Geraint Talfan Davies says Lord Leveson has been right to say the press cannot continue be judge and jury in its own cause
When Lord Leveson, in delivering his 2,000 page report, said yesterday that there had been no less than seven inquiries into the press in the last 70 years, he hoped that there would not be an eighth. Despite the sensible and pragmatic tenour of the report, the Prime Minister’s hasty rejection of the legislative under-pinning that Lord Leveson regards as essential, makes the odds on that eighth inquiry in a decade’s time a little shorter.
The report is a shocking indictment of ‘the culture, practices and ethics’ of a large section of the press – a long catalogue of the abuse of power, damaging to individuals who have suffered, as well as to the press itself and the last remnants of trust between it and the public.
A few weeks ago a Director General of the BBC was forced to fall on his sword because of an alleged ‘lack of curiosity’ in what some of his staff were up to. But the senior managements of several of our large newspaper organisations have demonstrated a much more profound and systemic lack of curiosity not only in what their own staffs were up to over a long period of time, but also in the ethical standards that should underpin their industry. The lack of managerial curiosity has ended with wrecked lives and a coach load of employees facing criminal charges. The equally culpable lack of wider self-examination – often glibly justified by reference to journalism being a ‘rough old trade’ – just won’t do, not least in a period of intense concentration of media power.
The first reports into the press date from before the Second World War. After that war Royal Commissions followed in 1949, 1962, 1977. Two ‘Calcutt’ inquiries followed in 1991 and 1993. On each occasion promises of reform faded into the long grass, soon to be completely lost from view. As the Media Standards Trust said in its evidence to the Leveson inquiry, “The phrase ‘last chance saloon’ when used with regard to the British Press, has attained the status of parody.”
The biggest concern about David Cameron’s statement is that it might presage another repeat of this cycle. With both Nick Clegg and Ed Miliband arguing that Leveson’s recommendations should be adopted in their entirety, the prospects for cross-party agreement seem slim. We should all worry.
Leveson himself could not have been clearer about the value of a free press:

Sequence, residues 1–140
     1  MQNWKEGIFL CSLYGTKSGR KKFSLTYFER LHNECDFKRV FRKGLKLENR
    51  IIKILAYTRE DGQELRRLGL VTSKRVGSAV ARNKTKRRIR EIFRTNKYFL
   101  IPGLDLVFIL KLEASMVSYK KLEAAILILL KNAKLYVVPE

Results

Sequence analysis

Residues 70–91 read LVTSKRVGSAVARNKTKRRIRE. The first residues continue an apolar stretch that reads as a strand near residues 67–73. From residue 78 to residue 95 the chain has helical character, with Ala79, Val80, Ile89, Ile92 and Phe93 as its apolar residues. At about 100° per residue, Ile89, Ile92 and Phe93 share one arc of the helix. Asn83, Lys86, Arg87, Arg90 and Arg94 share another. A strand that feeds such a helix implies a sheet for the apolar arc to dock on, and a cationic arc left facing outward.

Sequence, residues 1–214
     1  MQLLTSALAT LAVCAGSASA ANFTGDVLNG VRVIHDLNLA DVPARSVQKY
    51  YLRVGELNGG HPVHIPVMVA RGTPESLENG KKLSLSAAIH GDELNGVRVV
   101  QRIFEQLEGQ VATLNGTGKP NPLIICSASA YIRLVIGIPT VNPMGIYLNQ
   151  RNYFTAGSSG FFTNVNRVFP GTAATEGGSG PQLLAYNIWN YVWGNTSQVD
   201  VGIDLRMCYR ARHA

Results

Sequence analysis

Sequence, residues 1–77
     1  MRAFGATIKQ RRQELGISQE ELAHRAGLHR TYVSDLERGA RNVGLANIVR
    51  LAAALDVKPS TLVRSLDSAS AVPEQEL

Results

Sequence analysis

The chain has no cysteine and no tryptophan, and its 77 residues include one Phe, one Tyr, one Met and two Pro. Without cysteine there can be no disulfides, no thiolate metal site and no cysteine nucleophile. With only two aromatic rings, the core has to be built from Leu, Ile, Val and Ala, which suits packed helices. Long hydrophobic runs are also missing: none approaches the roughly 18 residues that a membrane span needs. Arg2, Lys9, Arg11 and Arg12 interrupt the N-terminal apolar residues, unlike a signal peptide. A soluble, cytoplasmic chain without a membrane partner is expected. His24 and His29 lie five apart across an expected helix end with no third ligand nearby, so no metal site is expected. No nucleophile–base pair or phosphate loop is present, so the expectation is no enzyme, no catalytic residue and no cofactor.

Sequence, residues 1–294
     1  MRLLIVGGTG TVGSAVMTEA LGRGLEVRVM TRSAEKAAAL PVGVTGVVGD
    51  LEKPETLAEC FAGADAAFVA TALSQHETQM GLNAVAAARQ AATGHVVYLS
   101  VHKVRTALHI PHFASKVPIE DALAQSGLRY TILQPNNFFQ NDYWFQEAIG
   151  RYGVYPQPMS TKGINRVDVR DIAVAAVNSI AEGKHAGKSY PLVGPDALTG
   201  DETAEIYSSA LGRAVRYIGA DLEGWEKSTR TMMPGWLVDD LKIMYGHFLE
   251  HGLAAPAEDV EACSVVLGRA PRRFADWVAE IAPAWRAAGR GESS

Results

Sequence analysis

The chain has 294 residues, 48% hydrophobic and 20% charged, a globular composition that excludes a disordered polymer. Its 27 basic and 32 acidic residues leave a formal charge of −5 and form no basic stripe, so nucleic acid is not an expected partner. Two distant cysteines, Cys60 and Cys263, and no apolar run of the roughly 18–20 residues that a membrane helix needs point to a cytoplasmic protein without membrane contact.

“I remain, as I started, firmly of the belief that the British press – all of it – serves the country very well, for the vast majority of the time. There are truly countless examples of great journalism, great investigations and great campaigns…The press describes world and local events, illuminates political issues and politics generally, holds power to account challenges authority, investigates and provides a forum for debate.”
Neither was he in any way snobbish about the tabloid press:
“It is not necessary for the press always to be pursuing serious stories for it to be working in the public interest. Some of its most important functions are to inform, educate and entertain and, when doing so to be irreverent, unruly and opinionated.”
But, as well all know, the evidence he has heard has exposed the dark side:
“There have been too many times when, chasing the story, parts of the press have acted as if its own code, which it wrote, simply did not exist. This has caused real hardship and, on occasion, wreaked havoc with the lives of innocent people whose rights and liberties have been disdained. This is not just the famous but ordinary members of the public, caught up in events (many of them truly tragic) far larger than they could cope with but made much, much worse by press behaviours that, at times, can only be described as outrageous.”
Most importantly, he has rejected the ‘rotten apple’ argument that this behaviour was an aberration by a few. But the response of the industry itself has been all too predictable.
Newspaper owners, whose own proposals for reform were decisively rejected by Lord Leveson as inadequate, have become increasingly hysterical in their response to the issue. They have been intent on scaring government and public away from any use of legislation in this field. And yet it is just that, a scare story. The difference between statutory regulation and self-regulation under-pinned by statute has been deliberately elided.
Leveson has gone as far as to propose a legal duty on the government to protect the freedoms of the press – a gain in itself. He is clear that he wants effective, independent self-regulation, but equally clear that it cannot be realised without legislation. But the sole role of statute would be to validate that independent system – making sure it is an effective alternative, in Leveson’s own words, to the industry ‘marking its own homework’. There are plenty of models for this backstop role, such as the Legal Services Board set up under the Legal Services Act 2007 or the Securities and Investment Board that relies on the Financial Services Act 1986.
Opponents of any legislative under-pinning, such as the Prime Minister, tell us that we are crossing a Rubicon that has been uncrossed for 300 years. That is a mirage. There are countless laws that affect the press, not least the laws of libel for which this country is ill-renowned. But that legislative backstop will make a huge difference. It will ensure that large news organisations cannot walk away from self-regulation – as Express Newspapers did. It will ensure that the processes of self-regulation are properly audited, so that the public can see that they are working. But most of all it should, over time, ensure that all news organisations are forced to think more deeply about the culture, practices and ethics that shape the exercise of their large, and some would say, excessive power.